# How Griffiths has got the components of the current?

I'm leaning Magnetostatics from Introduction to Electrodynamics by David J. Griffiths, we are calculating the magnetic field that an ideal toroid would create. Here are the images from the book

My doubt is how he got $\mathbf I = \langle I_s \cos \phi ', I_s \sin \phi ', I_z \rangle$. Well, I know how to convert from cylindrical coordinates to cartesian coordinates but my problem is how he got the angle $\phi '$? Why the current would make an angle of $\phi '$ with the $x-$ axis? As far as I understand the things it is the location of current, that is the vector $\vec{r'}$ that makes the angle $\phi '$ with the $x-$ axis, the current at $\vec{r'}$ have no $\phi$ component it just have a radial component ($I_s$) and a z-directional component ($I_z$) means the current vector looks something like this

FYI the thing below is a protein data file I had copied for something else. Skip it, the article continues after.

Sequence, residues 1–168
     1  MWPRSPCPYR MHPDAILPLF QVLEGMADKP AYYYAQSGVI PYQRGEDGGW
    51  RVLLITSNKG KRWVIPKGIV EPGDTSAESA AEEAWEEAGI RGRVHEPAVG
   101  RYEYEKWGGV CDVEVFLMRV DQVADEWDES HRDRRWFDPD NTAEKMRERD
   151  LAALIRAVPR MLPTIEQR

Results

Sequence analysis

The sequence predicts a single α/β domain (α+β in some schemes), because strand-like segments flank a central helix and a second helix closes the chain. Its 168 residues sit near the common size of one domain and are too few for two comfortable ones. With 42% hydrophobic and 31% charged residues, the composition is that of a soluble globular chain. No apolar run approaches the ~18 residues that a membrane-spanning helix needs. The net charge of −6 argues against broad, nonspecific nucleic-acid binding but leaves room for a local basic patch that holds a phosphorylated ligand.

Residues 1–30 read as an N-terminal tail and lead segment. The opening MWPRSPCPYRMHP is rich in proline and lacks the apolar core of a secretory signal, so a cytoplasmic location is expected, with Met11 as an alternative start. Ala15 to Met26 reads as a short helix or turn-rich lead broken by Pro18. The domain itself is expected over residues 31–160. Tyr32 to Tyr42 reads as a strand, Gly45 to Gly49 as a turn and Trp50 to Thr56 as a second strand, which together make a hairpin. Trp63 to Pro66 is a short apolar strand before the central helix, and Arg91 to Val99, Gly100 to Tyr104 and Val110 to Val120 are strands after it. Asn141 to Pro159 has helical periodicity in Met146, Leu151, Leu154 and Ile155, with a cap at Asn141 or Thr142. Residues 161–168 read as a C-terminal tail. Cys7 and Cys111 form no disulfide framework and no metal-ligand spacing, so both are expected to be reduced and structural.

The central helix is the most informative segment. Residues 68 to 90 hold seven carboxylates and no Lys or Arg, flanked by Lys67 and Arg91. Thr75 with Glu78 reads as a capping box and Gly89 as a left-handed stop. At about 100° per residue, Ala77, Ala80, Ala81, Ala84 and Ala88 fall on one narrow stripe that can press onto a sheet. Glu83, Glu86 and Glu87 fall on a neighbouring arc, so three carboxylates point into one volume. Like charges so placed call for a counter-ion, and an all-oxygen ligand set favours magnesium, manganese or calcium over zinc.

Again, to restate my problem I would say : How Mr.Griffiths knew that current vector would make an angle of $\phi '$ with the x axis?